Foggy field at night

We started driving again, and couldn’t find our way out of the area. After a while, we realized we were going in circles. We came to Mount Pleasant Church, which seemed a bit familiar to me, but I still didn’t really know how to get back from there. I could tell Sarah was worried, but she was doing a great job of letting me work this out, which I really appreciated. She has a great post on her blog where she talks about how it’s not so bad to be lost together … and I completely agree.

There was a woman there visiting the cemetery. I hate asking for directions, and I probably would’ve been more stubborn if I hadn’t been worried about running out of gas, but that being the case, I asked her how to get back to the highway. She had me ask her mother, who was in the passenger seat, and ultimately they said we could just follow them; they were going up to Martinsville, whereas we were going to Bloomington, so we’d just turn separate ways at the highway. This worked fine, although we decided that since we were closer to Martinsville, we had better go there and get fuel before going home.

I’m glad we did, because having a fresh tank of gas allowed us to take a more scenic route home. It may seem silly to take the scenic route at night, but it’s vastly more pleasant than the highway, and I still wanted to get some more photos. We passed a road that looked really pretty, and I turned around to go back and take some photos.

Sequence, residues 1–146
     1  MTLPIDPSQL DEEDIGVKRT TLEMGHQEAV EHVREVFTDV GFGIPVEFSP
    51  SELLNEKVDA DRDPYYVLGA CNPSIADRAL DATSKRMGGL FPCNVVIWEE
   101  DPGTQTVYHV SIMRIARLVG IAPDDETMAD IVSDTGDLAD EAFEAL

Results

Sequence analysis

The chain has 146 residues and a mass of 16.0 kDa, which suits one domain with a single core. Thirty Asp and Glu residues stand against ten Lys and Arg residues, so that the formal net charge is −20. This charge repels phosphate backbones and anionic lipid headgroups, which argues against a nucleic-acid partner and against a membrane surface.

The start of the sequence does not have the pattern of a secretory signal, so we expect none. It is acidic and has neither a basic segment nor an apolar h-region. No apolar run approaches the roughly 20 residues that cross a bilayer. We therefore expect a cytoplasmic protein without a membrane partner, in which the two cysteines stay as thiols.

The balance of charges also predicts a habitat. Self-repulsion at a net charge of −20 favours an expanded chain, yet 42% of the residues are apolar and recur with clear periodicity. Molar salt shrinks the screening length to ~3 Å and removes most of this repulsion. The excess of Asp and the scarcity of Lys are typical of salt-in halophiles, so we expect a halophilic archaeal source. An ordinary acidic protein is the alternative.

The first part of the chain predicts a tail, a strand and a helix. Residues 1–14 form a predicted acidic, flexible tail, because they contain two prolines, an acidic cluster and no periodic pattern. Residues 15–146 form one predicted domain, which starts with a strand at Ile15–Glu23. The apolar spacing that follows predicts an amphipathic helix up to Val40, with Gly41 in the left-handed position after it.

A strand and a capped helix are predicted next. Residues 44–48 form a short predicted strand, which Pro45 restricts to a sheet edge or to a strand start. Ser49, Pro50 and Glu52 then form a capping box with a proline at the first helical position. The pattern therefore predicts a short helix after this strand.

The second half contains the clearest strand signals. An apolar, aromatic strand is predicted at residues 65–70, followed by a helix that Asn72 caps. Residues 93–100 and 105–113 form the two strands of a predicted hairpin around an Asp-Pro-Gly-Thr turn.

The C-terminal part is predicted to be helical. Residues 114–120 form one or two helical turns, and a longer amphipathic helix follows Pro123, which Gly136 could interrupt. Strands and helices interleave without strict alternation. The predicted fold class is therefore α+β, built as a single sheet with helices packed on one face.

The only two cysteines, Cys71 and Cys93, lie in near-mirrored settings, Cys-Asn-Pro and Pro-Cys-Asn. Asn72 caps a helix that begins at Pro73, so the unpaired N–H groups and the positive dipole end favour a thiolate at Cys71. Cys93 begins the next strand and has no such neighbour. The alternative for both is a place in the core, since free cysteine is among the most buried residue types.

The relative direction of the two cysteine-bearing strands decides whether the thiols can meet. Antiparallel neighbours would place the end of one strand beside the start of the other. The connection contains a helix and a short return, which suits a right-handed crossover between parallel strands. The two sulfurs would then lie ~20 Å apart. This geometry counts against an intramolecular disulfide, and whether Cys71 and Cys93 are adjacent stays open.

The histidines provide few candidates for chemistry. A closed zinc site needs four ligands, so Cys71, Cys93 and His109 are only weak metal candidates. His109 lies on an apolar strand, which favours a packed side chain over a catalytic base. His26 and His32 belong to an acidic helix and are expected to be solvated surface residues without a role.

We got out of the car and heard some strange animal noises. A few cars turned onto the road and came too close to us, scaring us, but I didn’t want to leave my hazard lights on because it would interfere with my long exposures. As our eyes adjusted, we were able to see a little more clearly just how foggy it was, and we watched as thousands of lightning bugs lit the scene, blinking like photographer’s flashes at a sporting event. They collected most in the trees, giving off an impressive show. We held hands and kissed while waiting for exposures to complete. Even if none of the shots had worked, it would have been perfect.

Old Myers Road

Subdued silhouettes

Porch light

We drove the rest of the way home, content. We could have kept going. We could have stayed out doing this all night —  but it was late, and we had work the next morning. Another time.